Catechol-O-Methyltransferase

Spectracell Methylation Presentation.pptx

 

  • Involved in phase II metabolism of hydroxy-estradiols
  • Involved in metabolism of xenobiotics
  • Involved in metabolism of chocolate
  • Involved in metabolism of caffeine by-products (catechins)
  • Involved in metabolism of excitatory neurotransmitters

Spectracell Methylation Presentation.pptx (1)

  • S-adenosylmethionine and magnesium dependent
  • Linked to estrogen
  • imbalance disorders
  • Is involved in hyperhomocystinemia in Parkinson patients on L-dopa
  • Is linked to psychiatric disorders

Spectracell Methylation Presentation.pptx (2)

Methionine Synthase Mutations

  • 250px-PBB_Protein_MTR_image_Baucom_InstituteMutations in the MTR gene have been identified as the underlying cause of methylcobalamine deficiency.

  • This may lead to megaloblastic anemia as seen in elevated MCV in the patients CBC.

  • Patients may actually have high levels of B12 in the serum as the Cobalamine is not converting to Methylcobalamine.

  • May compound mutations in MTHFR

Mega Dosages of Me-B12B12_b-s

  • Supplementation with megadoses of MeB12 has been advocated to protect the cognitive function of patients suffering from:

  • Chronic Fatigue

  • Stroke

  • Depression

  • Alzheimer’s disease Neurological diseases

Folate Cycle Nutrients, Homocysteine, and Transsulfuration

  • Transsulfuration is the conversion of Homocysteine with the co-factors B6 and Serine to Cystathionine.

Homocysteine-Damage-Ladd-McNamara

  • Cystathionine is then converted to Cysteine which is one of the three amino acids that compose Glutathione.
  • Polymorphisms in Cysta beta-synthase may affect the rate of conversion of Cystathionine to Cysteine.
  • Cysteine is thought to be the rate limiting step in the formation of Glutathione.

glutathione-structure-baucom-institute (2)

 

What are the Effects of MTHFR?

MTHFR mutational effects include:MTHFR-DNA-Effects-Baucom-Institute

  • chronic low glutathione
  • leaky gut and food allergies
  • chronic viruses
  • high serum B12 levels
  • low serotonin and melatonin
  • high serum ferritin and HFE mutation
  • Thalassemia and hepatorenal failure
  • FSG and renal failure
  • autoimmunity frequency in women
  • chronic dysbiosis/chronic yeast infections
  • estrogen dominant cancers
  • subtype and elevated homocysteine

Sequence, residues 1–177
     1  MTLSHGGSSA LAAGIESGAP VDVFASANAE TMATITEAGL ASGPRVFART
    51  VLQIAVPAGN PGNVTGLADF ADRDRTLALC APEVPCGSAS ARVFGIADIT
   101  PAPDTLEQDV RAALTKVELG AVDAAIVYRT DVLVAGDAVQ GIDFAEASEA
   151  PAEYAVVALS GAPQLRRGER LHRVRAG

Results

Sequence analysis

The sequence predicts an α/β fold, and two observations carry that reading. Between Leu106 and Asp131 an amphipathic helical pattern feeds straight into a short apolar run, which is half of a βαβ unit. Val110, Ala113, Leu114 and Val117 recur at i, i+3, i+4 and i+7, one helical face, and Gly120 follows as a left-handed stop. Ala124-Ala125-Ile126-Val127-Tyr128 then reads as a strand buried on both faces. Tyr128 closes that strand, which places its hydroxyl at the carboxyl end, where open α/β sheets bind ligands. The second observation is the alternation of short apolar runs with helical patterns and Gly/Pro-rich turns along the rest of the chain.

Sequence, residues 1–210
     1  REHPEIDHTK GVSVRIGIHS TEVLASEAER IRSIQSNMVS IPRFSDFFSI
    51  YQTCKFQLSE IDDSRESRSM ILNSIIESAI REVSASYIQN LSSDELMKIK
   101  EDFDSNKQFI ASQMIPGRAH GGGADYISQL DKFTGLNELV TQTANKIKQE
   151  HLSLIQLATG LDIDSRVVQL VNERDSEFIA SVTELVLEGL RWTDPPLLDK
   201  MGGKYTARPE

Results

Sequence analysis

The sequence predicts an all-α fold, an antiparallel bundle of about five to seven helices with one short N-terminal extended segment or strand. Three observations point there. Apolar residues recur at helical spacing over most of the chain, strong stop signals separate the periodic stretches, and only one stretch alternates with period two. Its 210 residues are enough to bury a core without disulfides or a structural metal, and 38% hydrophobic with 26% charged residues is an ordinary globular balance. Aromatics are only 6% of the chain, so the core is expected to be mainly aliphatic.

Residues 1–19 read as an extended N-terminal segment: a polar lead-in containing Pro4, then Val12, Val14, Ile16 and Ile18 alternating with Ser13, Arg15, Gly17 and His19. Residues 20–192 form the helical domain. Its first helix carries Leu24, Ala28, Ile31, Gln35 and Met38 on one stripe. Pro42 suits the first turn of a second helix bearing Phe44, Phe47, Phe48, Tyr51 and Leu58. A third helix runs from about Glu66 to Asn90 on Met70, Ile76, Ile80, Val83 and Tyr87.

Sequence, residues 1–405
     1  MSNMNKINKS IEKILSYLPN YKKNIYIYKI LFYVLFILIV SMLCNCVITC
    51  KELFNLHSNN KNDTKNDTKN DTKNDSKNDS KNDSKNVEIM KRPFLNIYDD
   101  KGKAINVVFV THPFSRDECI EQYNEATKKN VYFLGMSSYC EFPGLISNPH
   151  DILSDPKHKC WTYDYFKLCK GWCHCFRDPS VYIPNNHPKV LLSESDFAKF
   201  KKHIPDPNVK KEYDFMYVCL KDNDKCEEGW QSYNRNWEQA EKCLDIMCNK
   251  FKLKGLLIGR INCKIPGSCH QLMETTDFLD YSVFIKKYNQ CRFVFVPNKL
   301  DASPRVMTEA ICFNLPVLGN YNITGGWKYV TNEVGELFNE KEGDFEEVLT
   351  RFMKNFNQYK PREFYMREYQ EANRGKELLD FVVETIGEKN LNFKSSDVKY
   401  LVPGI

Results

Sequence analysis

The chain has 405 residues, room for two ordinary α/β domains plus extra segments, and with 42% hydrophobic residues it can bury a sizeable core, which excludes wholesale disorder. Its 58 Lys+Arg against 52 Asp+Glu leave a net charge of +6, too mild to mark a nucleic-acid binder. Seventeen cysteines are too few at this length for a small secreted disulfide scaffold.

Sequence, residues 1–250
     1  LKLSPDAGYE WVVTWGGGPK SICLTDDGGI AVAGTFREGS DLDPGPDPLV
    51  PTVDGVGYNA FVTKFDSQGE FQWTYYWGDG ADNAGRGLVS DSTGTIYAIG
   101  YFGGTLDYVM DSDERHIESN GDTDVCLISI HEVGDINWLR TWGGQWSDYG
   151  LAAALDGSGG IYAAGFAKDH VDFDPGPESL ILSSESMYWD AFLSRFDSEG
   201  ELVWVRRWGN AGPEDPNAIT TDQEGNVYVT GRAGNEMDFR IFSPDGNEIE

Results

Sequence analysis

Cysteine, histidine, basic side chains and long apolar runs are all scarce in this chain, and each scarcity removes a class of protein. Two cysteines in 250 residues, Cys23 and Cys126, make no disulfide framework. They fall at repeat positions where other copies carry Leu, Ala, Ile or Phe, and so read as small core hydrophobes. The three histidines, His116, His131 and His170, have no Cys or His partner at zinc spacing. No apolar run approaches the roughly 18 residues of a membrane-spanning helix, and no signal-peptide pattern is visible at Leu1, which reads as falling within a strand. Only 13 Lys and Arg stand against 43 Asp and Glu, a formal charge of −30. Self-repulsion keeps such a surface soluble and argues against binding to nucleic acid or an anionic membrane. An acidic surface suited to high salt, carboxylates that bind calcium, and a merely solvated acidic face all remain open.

• ADD/bipolar/PMS/Chronic Fatigue/Fibromylagia
  • tongue/fingernails/thin hair
  • vericose veins/spider veins
  • hypercoagulopathy/infertility
  • elevated testosterone in men/PCOS in women
  • acne, fibroids, Endometriosis, Menometorrhagia
  • depression when on OCPs
  • exacerbation of menopausal symptoms on BHRT
  • elevated uric acid and elevated ammonia levels
  • gut barrier and dysbiosis
  • CANCER
  • estrogen dominance and obesity (estrogens effects on insulin and the insulin receptor and adiponectin)

 

A1298C Variant

A1298C – a mutation from adenine to cytosine at position 1298 within the gene. These variants lead to amino acid differences in the protein that reduces its ability to function.

1298:genes_MTHFR_baucom_institute

  • AA-normal homozygous
  • AC or CC – one or two variant copies
  • about 30% of the population
  • not associated with increased risk
  • associated with increased risk if found together with a 677 variant

Severe MTHFR deficiency:

  • Severe MTHFR deficiency is rare (about 50 cases worldwide) and caused by mutations resulting in 0-20% residual enzyme activity.
  • Characterization of six novel mutations in the methylenetetrahydrofolate reductase (MTHFR) gene in patients with homocystinuria. Hum Mutat 15 (3): 280-7
  • These patients exhibit:
  1. developmental delay,
  2. motor and gait dysfunction,
  3. seizures,
  4. neurological impairment and
  5. have extremely high levels of homocysteine in their plasma and urine as well as low to normal plasma methionine levels.

Epigenetic_mechanisms_MTHFR_methylationBottom line:  If one leads a lifestyle which is unhealthy (smoking, high stress, toxic exposures) and consumes an unhealthy diet (refined carbs, processed meats, saturated fats), having a heterozygous A1298C mutation may contribute to cardiovascular disease, depression, fibromyalgia and others.

Possible symptoms associated with A1298C MTHFR mutations:

  • hypertension
  • delayed speech
  • muscle pain
  • insomnia
  • irritable bowel syndrome
  • fibromyalgia
  • chronic fatigue syndrome
  • hand tremor
  • memory loss
  • headaches
  • brain fog

Possible signs associated with A1298C MTHFR Mutations:

  • elevated ammonia levels
  • decreased dopamine
  • decrease serotonin
  • decreased epinephrine and norepinephrine
  • decreased nitric oxide
  • elevated blood pressure
  • muscle tenderness
  • ulcers
  • pre-eclampsia

Possible conditions associated with A1298C MTHFR mutations:

  • fibromyalgia
  • chronic fatigue syndrome
  • autism
  • depression
  • insomnia
  • ADD/ADHD
  • irritable bowel syndrome